(1) a payload requires the unique capabilities of the space shuttle;
(2) cost effective space transportation services that meet specific mission requirements would not be reasonably available from United States commercial providers when required;
(3) the use of space transportation services from United States commercial providers poses an unacceptable risk of loss of a unique scientific opportunity;
(4) the use of space transportation services from United States commercial providers is inconsistent with national security objectives;
(5) the use of space transportation services from United States commercial providers is inconsistent with international agreements for international collaborative efforts relating to science and technology;
(6) it is more cost effective to transport a payload in conjunction with a test or demonstration of a space transportation vehicle owned by the Federal Government; or
(7) a payload can make use of the available cargo space on a space shuttle mission as a secondary payload, and such payload is consistent with the requirements of research, development, demonstration, scientific, commercial, and educational programs authorized by the Administrator.
|Source (U.S. Code)||Source (Statutes at Large)|
|50131(a)||42 U.S.C. 14731(a).||Pub. L. 105–303, title II, §201, Oct. 28, 1998, 112 Stat. 2854.|
|50131(b)||42 U.S.C. 14731(b) (less last sentence).|
|50131(c)||42 U.S.C. 14731(b) (last sentence).|
|50131(d)||42 U.S.C. 14731(c).|
|50131(e)||42 U.S.C. 14731(d).|
In subsection (d), the date "October 28, 1998" is substituted for "the date of the enactment of this Act" and for "such date" to reflect the date of enactment of the Commercial Space Act of 1998 (Public Law 105–303, 112 Stat. 2843).NASA Launch Capabilities Collaboration
Pub. L. 115–10, title VIII, §822, Mar. 21, 2017, 131 Stat. 61, provided that:
"(1) The Launch Services Program is responsible for the acquisition, management, and technical oversight of commercial launch services for NASA's [National Aeronautics and Space Administration's] science and robotic missions.
"(2) The Commercial Crew Program is responsible for the acquisition, management, and technical oversight of commercial crew transportation systems.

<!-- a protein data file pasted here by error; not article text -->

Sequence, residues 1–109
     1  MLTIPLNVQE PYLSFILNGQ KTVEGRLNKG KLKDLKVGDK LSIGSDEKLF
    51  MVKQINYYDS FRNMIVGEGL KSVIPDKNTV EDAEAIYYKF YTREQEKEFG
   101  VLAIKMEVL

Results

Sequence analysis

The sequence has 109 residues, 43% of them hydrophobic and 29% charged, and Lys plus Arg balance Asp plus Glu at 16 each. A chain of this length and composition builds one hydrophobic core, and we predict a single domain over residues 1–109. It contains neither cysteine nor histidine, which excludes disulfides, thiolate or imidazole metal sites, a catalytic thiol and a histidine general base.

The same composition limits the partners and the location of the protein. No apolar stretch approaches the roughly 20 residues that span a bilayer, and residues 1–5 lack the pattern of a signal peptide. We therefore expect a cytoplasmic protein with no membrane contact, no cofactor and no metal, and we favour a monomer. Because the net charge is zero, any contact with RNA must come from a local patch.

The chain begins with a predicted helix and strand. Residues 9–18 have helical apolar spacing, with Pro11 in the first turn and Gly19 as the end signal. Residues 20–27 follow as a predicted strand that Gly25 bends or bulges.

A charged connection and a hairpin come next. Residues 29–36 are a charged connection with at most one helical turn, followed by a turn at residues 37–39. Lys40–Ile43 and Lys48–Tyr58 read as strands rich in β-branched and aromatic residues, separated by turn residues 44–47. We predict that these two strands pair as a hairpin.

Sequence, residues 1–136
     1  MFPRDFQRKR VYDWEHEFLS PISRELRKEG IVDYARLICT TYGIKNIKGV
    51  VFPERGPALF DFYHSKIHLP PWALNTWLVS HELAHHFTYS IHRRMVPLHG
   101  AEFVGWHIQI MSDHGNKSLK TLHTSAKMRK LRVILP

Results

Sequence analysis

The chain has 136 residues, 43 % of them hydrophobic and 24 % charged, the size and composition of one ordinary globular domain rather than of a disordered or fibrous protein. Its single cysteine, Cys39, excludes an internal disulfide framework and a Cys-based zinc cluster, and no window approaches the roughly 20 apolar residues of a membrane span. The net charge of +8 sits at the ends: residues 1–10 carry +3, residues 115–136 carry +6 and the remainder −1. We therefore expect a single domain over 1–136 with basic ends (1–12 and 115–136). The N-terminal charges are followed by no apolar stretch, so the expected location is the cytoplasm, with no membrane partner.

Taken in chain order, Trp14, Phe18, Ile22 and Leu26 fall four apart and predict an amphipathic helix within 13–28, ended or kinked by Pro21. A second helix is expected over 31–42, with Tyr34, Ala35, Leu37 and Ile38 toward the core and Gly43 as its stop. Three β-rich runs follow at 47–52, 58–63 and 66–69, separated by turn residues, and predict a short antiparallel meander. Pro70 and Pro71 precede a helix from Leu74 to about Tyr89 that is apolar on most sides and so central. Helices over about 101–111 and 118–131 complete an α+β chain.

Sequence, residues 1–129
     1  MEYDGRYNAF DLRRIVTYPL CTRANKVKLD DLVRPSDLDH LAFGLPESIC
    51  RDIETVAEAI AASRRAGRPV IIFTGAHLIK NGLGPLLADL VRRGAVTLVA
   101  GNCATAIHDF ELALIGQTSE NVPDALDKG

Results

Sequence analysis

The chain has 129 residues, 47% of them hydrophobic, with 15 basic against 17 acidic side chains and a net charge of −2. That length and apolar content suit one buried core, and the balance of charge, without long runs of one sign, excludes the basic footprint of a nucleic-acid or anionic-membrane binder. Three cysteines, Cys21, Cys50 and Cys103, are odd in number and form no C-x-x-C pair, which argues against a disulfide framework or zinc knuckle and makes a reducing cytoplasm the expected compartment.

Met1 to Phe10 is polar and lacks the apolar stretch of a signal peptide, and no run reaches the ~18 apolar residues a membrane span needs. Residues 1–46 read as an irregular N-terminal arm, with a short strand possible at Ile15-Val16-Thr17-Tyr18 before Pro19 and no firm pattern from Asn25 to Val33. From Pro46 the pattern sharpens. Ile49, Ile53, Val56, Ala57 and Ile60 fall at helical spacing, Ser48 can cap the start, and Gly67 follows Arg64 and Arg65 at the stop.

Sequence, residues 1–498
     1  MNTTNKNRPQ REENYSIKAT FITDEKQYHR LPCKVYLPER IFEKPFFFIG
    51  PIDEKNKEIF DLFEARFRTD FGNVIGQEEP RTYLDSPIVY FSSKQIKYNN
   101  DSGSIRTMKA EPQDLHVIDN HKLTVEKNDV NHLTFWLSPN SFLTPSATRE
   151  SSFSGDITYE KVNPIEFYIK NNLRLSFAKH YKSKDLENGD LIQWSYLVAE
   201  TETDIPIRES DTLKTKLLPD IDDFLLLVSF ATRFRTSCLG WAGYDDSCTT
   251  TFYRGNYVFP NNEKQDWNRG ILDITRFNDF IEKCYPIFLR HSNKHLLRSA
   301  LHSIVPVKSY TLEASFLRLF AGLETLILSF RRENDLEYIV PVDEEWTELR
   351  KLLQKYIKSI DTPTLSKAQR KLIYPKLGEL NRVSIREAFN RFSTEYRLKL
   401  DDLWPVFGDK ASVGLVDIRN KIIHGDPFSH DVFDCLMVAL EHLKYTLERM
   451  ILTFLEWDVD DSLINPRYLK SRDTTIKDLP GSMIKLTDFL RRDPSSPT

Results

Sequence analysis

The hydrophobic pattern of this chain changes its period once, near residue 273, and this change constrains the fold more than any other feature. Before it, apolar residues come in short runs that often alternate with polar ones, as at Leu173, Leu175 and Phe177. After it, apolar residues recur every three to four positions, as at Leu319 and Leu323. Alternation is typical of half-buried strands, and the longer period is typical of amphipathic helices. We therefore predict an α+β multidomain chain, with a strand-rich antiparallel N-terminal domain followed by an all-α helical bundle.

"(3) The Launch Services Program and Commercial Crew Program have worked together to gain exceptional technical insight into the contracted launch service providers that are common to both programs.
"(4) The Launch Services Program has a long history of oversight of 12 different launch vehicles and over 80 launches.
"(5) Co-location of the Launch Services Program and Commercial Crew Program has enabled the Commercial Crew Program to efficiently obtain the launch vehicle technical expertise of and provide engineering and analytical support to the Commercial Crew Program.
"(1) the Launch Services Program and Commercial Crew Program each benefit from communication and coordination of launch manifests, technical information, and common launch vehicle insight between the programs; and
"(2) such communication and coordination is enabled by the co-location of the programs.
Pub. L. 115–10, title VIII, §825, Mar. 21, 2017, 131 Stat. 65, provided that:
"(1) Refueling and relocating aging satellites to extend their operational lifetimes is a capacity that NASA [National Aeronautics and Space Administration] will substantially benefit from and is important for lowering the costs of ongoing scientific, national security, and commercial satellite operations.
"(2) The technologies involved in satellite servicing, such as dexterous robotic arms, propellant transfer systems, and solar electric propulsion, are all critical capabilities to support a human exploration mission to Mars.
"(1) satellite servicing is a vital capability that will bolster the capacity and affordability of NASA's ongoing scientific and human exploration operations while simultaneously enhancing the ability of domestic companies to compete in the global marketplace; and
"(2) future NASA satellites and spacecraft across mission directorates should be constructed in a manner that allows for servicing in order to maximize operational longevity and affordability.
"(1) identify orbital assets in both the Science Mission Directorate and the Human Exploration and Operations Mission Directorate that could benefit from satellite servicing-related technologies; and
"(2) work across all NASA mission directorates to evaluate opportunities for the private sector to perform such services or advance technical capabilities by leveraging the technologies and techniques developed by NASA programs and other industry programs."
2015—Subsec. (a). Pub. L. 114–90 inserted "or in section 70102" after "in this section".
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